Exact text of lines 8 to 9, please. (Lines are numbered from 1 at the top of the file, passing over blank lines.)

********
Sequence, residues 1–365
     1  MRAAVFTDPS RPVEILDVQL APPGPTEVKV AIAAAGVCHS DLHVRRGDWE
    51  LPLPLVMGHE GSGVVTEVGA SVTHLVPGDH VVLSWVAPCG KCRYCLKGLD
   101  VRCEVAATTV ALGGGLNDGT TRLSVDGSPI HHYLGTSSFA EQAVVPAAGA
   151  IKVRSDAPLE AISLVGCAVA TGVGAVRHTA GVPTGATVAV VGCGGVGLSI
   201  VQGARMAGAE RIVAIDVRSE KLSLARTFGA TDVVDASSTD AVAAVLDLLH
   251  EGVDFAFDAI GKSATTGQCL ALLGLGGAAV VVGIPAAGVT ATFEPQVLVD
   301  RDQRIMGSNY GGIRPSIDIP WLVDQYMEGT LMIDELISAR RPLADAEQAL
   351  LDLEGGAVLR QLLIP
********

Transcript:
   301  RDQRIMGSNY GGIRPSIDIP WLVDQYMEGT LMIDELISAR RPLADAEQAL
   351  LDLEGGAVLR QLLIP